“We’re aware of what we’re going through and all of us at Roma are feeling energised and motivated to get back on track with our goals after the international break. We’re aware of what our strengths are, that we’re capable of getting good results. We can achieve this by focusing on Roma, the team and what we can do better. All of these important matters the club is facing will be dealt with internally, at the right time and by the right people.”
Miotto’s Musing: Well, that’s a giant non-answer about Mourinho’s extension, but beyond that, Pinto is saying the right things. I’m curious what happens with Mourinho because so many of these free-agent signings were likely brought in on the promise of playing with The Special One; what happens to the likes of Aouar, Ndicka, and even Renato Sanches if Mourinho leaves after this season?
In the last few years, Roma have been spending a lot on wages to bring in well-established players who for various reasons might be slightly risky. Will there come a time when Roma start investing in youth again, possibly paying more in transfer fees?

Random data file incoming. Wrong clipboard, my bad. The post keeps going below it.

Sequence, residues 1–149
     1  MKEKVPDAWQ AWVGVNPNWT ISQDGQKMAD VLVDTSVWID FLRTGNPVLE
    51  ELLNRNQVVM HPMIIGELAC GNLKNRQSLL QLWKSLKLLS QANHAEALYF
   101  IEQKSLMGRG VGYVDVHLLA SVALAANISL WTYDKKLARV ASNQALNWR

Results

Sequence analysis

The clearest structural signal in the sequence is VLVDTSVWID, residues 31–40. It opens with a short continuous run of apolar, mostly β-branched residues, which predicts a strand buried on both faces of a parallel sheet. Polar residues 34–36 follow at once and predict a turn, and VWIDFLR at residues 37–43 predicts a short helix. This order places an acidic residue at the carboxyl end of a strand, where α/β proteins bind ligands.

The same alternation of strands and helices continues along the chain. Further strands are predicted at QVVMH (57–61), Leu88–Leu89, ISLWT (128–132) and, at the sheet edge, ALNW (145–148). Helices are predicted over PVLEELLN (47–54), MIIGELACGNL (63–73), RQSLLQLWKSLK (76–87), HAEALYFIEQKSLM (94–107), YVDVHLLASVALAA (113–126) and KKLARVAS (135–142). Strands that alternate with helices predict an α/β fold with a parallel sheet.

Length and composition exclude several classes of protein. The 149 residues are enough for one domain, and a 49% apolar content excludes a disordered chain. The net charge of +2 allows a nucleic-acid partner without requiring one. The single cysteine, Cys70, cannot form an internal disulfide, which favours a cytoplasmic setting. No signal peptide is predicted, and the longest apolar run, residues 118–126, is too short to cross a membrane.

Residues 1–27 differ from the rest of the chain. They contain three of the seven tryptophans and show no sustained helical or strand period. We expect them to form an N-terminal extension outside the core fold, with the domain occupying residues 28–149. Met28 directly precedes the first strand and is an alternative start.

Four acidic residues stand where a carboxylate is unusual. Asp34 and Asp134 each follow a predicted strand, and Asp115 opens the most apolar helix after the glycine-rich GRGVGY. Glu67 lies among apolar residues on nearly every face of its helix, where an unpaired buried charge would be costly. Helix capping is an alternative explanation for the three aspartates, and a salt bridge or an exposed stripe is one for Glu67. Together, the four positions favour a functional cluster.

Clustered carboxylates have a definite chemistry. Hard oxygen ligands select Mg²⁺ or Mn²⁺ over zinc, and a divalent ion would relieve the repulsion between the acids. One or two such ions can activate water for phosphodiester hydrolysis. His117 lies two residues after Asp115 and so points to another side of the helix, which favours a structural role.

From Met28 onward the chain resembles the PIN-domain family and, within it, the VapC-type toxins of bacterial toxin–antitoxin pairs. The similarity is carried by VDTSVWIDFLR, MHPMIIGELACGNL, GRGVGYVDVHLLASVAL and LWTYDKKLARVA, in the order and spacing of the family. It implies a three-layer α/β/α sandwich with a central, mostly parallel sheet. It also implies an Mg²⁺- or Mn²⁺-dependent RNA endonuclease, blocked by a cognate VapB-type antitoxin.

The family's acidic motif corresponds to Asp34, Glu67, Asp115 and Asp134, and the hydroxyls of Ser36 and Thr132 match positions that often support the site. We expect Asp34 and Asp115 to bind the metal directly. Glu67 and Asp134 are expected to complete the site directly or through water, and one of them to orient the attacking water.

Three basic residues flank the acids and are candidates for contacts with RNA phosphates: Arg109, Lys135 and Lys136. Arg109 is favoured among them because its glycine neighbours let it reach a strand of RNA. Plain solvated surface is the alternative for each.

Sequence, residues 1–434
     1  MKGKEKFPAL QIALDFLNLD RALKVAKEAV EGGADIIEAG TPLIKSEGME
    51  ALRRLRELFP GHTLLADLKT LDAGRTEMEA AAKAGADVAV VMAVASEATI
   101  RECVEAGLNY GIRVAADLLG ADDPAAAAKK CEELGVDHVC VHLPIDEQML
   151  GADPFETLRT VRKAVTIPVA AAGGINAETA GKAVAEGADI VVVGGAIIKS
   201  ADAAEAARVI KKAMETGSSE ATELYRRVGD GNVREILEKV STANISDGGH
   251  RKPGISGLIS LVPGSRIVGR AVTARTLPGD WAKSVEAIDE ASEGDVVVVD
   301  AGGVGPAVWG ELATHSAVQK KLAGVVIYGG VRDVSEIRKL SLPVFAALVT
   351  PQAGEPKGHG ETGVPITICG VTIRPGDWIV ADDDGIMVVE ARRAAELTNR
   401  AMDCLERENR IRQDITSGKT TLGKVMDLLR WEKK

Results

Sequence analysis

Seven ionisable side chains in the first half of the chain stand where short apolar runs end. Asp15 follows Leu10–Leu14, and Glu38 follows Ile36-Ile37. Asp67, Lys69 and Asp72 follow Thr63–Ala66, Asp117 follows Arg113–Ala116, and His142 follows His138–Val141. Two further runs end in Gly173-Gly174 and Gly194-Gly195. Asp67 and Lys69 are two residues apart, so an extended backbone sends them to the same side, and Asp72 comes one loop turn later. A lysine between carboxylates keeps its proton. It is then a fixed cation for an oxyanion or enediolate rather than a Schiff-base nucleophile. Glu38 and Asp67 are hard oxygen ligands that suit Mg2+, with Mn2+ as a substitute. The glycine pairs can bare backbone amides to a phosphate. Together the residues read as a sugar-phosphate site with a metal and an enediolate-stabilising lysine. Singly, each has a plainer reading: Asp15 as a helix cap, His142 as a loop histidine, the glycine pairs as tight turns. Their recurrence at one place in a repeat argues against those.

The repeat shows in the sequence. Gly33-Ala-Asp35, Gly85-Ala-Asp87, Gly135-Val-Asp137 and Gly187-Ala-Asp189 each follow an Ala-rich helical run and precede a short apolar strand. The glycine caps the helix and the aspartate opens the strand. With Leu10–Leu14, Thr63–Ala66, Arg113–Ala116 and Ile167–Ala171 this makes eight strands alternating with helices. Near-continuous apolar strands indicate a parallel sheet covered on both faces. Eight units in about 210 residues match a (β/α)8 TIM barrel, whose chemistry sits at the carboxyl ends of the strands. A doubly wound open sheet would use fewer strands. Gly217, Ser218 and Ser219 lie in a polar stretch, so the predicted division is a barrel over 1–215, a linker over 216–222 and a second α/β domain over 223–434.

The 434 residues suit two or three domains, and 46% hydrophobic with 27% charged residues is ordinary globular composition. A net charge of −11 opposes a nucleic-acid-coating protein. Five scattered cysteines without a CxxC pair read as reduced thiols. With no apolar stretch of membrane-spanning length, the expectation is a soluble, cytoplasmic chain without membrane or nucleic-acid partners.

“Thanks for the question – a very valid one. When a transfer window begins, I think we need to put together three different plans. One is on a technical level – perhaps the easiest to understand – and involves the coach, sports management team and owners working together to try to put together a better team than in the previous season. In that sense – and I respect everyone’s opinion – if we compare the players who have left with those who have joined, I do believe we have a better team. We have more alternatives and options. That’s the technical plan – the easiest to understand.